When adolescents focus to perform cognitive tasks or inhibit impulses they seem to engage similar brain
circuitry as adults. However, that circuitry is strongly affected by the addition of rewarding and aversive
stimuli, resulting in differences in their brain activity and, therefore, their behavior. Some of the findings
from the research articles include the following.
*Adolescents appear to have heightened sensitivity to rewards that use different brain circuitry than children or adults.
*Cognitive research has shown that adolescents are particularly receptive to gustatory, thrill-seeking, and monetary rewards.
*To a much greater extent than adults, adolescent neural responses to rewards and aversive stimuli are heightened by the mere awareness that they are being watched by someone else.
*Brain processes for supporting a single controlled response may be well developed even before adolescence, but the ability to engage that control is still developing.
*The ability of brain circuitry to monitor performance, identify errors, and then adjust subsequent performance to maintain control over time is still maturing in adolescence.
*Adolescents have heightened social sensitivity that results in intensified investment of attention, salience, and emotion when evaluating social situations.
*Cognitive research suggests that adolescents have a heightened awareness of social cues and heightened sensitivity to social exclusion.
*Cognitive research also suggests that adolescents are more sensitive to real or imagined social evaluations of them by others, assigning those evaluations greater elaboration and emotional import than adults or children.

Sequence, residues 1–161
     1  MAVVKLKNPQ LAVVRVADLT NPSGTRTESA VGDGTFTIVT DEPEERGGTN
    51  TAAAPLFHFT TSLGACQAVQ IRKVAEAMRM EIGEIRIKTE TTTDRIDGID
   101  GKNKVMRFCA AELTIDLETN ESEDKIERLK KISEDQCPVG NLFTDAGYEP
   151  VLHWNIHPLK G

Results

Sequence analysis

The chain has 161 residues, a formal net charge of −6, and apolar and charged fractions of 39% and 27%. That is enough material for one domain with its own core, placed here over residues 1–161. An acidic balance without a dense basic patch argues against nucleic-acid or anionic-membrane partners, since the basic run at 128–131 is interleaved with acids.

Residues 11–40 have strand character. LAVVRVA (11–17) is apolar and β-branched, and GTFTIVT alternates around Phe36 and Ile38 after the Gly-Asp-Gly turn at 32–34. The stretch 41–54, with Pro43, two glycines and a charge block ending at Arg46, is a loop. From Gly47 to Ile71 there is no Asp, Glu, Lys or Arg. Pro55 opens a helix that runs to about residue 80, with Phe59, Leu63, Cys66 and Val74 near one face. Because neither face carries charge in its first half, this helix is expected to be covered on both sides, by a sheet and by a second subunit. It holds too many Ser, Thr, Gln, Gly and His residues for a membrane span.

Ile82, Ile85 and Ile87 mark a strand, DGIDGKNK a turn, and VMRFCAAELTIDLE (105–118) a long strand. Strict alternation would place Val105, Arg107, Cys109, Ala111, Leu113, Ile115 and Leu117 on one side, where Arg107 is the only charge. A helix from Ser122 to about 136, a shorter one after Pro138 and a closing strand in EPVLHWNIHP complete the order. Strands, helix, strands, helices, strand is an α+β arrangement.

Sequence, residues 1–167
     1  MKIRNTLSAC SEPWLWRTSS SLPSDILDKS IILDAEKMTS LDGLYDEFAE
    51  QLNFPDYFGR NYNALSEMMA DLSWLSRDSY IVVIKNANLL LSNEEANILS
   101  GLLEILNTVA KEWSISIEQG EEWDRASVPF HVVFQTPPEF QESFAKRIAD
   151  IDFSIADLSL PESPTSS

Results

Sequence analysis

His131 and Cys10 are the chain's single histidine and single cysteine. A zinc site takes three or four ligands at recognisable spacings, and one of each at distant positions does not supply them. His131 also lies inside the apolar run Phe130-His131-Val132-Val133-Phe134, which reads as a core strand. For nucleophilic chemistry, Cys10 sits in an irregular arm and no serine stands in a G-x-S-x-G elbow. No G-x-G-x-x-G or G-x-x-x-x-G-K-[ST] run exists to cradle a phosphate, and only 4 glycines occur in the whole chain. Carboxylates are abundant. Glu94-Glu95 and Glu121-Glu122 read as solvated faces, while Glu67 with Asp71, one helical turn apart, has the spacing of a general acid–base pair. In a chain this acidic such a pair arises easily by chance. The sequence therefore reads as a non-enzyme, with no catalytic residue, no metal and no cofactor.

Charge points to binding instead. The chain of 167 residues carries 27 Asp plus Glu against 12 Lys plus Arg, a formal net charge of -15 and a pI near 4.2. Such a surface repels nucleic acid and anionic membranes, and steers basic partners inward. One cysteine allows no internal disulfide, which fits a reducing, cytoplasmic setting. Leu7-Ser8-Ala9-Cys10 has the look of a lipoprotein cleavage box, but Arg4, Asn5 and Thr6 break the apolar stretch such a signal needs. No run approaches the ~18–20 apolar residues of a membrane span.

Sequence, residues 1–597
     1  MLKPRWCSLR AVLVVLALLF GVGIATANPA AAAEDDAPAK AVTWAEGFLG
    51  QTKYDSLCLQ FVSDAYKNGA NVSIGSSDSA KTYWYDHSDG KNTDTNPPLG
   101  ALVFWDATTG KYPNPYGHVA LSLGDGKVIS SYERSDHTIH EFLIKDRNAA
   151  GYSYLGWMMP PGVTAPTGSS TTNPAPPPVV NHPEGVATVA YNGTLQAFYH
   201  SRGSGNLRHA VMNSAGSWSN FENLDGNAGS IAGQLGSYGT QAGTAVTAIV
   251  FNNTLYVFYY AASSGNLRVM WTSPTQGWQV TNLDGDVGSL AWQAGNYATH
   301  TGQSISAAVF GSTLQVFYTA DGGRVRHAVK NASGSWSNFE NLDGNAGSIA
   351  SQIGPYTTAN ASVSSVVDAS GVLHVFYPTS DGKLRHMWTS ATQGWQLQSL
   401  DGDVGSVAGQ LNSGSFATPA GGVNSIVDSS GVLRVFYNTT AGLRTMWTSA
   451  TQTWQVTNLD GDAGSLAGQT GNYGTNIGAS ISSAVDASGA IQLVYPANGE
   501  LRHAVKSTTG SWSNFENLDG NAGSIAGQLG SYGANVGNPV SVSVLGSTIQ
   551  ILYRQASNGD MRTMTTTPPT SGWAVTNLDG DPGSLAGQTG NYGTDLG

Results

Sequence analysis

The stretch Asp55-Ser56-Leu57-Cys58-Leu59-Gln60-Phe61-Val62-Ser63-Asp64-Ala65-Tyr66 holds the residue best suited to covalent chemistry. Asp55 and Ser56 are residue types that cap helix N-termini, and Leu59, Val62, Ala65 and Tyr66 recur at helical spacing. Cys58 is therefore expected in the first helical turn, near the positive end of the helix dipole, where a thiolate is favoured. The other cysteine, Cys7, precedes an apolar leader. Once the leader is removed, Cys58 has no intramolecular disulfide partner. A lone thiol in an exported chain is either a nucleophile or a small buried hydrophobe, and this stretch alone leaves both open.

*Parts of the brain that are highly sensitive to pubertal hormones include those most critical for detecting salient social information; assigning hedonic, aversive, or emotional value; social cognition; and using that
information to guide learning and behavior.
*Adolescents have much more difficulty than adults interpreting other people’s responses when their thoughts and intentions are relatively complex.
Of course, their motivation and behavioral responses in reaction to all of these differences in how their brains are wired is influenced by their personalities, their values, and environmental factors such as
the kinds of support they get from parents, teachers and peers. If you would like to see the hard science behind these findings, check out the website at http://cdp.sagepub.com/content/current.
As a note, we are considering the addition of a page page on our motivation website that is dedicated to adolescence. Be sure to share your suggestions and insights about what you would like to see on this
page. You can do so by adding your comment to this blog or by emailing Dr. Goff directly at firstname.lastname@example.org.